Just as governments have scrambled at the last minute to seal their borders against the coronavirus crisis, a similar sense of urgency is needed to delay the impending risk of 'sudden and severe' impacts of the climate crisis, scientists warned on Wednesday.
There are still widespread perceptions that the more severe effects of climate change may only manifest themselves gradually towards the end of the century.
But a new study in the leading science journal Nature suggests that serious disruptions to critical elements of the global ecology (and the people who depend on it) may begin far more abruptly than anticipated - conceivably within the next 10 years unless concerted action is taken to "flatten the [climate change] curve".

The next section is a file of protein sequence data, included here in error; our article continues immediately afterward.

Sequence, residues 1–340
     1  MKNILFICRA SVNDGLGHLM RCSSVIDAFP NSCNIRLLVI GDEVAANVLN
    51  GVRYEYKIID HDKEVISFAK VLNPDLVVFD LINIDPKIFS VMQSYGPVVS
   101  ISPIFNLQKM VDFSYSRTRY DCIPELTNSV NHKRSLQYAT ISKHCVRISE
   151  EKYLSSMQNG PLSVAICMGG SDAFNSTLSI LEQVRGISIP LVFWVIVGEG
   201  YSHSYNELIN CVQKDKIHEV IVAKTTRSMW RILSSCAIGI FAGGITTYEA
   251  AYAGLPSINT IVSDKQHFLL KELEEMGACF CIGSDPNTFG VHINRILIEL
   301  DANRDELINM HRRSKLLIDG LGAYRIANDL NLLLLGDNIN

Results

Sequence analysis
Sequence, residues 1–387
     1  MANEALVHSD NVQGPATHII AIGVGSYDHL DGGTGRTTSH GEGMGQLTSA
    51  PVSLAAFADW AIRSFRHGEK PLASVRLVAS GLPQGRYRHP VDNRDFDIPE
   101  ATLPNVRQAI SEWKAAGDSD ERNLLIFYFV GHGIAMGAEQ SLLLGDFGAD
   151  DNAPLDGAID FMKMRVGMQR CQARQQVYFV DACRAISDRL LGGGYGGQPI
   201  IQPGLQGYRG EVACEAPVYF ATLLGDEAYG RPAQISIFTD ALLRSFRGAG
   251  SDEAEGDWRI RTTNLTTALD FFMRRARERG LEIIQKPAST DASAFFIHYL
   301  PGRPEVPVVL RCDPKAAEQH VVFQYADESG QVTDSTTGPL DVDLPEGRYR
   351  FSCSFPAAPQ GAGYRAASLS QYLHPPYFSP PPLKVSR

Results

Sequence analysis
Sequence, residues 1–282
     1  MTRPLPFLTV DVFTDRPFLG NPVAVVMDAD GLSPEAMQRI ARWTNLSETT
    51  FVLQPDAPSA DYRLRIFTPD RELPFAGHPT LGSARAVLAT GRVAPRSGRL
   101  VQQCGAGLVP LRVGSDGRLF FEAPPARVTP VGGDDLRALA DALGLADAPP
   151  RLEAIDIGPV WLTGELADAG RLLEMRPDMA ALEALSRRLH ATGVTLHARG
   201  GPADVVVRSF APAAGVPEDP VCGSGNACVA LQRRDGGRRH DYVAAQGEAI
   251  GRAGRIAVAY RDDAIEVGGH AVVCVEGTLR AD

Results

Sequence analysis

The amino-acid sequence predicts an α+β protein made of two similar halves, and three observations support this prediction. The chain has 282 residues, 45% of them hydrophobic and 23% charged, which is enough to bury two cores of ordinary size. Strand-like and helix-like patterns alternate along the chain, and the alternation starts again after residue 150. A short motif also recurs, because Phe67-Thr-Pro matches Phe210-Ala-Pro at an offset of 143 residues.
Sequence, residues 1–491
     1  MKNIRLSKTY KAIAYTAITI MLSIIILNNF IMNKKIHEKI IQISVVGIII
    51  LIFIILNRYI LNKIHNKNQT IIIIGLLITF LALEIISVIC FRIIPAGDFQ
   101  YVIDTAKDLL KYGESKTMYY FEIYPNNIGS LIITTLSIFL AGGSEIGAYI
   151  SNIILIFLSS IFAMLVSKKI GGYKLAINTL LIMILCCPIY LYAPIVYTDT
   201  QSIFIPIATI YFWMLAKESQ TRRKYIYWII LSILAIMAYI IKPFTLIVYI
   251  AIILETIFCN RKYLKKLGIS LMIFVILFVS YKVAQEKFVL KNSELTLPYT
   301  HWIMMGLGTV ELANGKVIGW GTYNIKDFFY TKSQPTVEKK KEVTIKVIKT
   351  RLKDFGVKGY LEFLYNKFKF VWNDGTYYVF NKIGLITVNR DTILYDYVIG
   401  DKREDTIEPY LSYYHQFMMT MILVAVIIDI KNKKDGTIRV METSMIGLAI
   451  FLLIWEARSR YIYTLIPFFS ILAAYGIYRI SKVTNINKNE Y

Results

Dr Christopher Trisos, a senior researcher at the African Climate and Development Initiative at the University of Cape Town focuses on the intersection of climate change, biodiversity and human well-being. He was a co-ordinating lead author for the Africa region of the Intergovernmental Panel on Climate Change (IPCC), 6th Assessment Report. He is also a Rhodes Scholar and graduate of Oxford University.
Lead author Dr Christopher Trisos from the University of Cape Town suggests that under a scenario of continued high...